Intimate Partner Violence and Children's Attachment Representations During Middle Childhood

The Family Life Project Key Investigators

Research output: Contribution to journalArticlepeer-review

11 Scopus citations


Despite long-standing hypotheses that intimate partner violence (IPV) may undermine children's ability to form secure attachment representations, few studies have empirically investigated this association. Particularly lacking is research that examines IPV and attachment during middle childhood, a time when the way that children understand, represent, and process the behavior of others becomes particularly important. Using data from a sample of African American children living in rural, low-income communities (N = 98), the current study sought to address this gap by examining the association between physical IPV occurring early in children's lives and their attachment security during the first grade. Results indicate that, even after controlling for child- and family-level covariates, physical IPV was associated with a greater likelihood of being rated insecurely attached. This effect was above and beyond the influence of maternal parenting behaviors, demonstrating a unique effect of physical IPV on children's attachment representations during middle childhood.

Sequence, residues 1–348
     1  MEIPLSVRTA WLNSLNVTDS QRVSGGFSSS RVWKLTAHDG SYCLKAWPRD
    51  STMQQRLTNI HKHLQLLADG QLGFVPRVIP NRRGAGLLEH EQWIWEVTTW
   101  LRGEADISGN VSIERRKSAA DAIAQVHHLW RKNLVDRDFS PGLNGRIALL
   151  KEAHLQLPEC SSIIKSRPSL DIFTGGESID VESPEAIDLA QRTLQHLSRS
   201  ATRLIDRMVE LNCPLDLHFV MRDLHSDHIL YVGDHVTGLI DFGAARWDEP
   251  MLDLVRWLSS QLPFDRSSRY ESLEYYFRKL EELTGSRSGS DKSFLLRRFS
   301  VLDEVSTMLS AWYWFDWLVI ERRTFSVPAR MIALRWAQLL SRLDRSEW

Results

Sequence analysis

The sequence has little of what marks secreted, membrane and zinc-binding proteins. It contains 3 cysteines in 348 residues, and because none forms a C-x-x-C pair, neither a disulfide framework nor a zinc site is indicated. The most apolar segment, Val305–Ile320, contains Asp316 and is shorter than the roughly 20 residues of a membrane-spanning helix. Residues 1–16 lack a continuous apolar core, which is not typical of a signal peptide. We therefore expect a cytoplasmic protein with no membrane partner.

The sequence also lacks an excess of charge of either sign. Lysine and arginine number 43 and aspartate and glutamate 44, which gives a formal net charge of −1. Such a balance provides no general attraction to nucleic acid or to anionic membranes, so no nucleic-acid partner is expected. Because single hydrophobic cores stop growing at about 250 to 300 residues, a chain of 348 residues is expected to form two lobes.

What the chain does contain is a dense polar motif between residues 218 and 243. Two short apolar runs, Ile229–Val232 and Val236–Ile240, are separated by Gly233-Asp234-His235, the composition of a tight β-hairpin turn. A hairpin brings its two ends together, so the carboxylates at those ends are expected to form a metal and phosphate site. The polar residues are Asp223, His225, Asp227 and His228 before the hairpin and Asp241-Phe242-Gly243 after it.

Original languageEnglish (US)
Pages (from-to)865-878
Number of pages14
JournalJournal of Marriage and Family
Issue number3
StatePublished - Jun 2017


  • Manchester Child Attachment Story Task
  • attachment
  • domestic violence
  • intimate partner violence
  • middle childhood
  • parenting

ASJC Scopus subject areas

  • Anthropology
  • Arts and Humanities (miscellaneous)
  • Social Sciences (miscellaneous)


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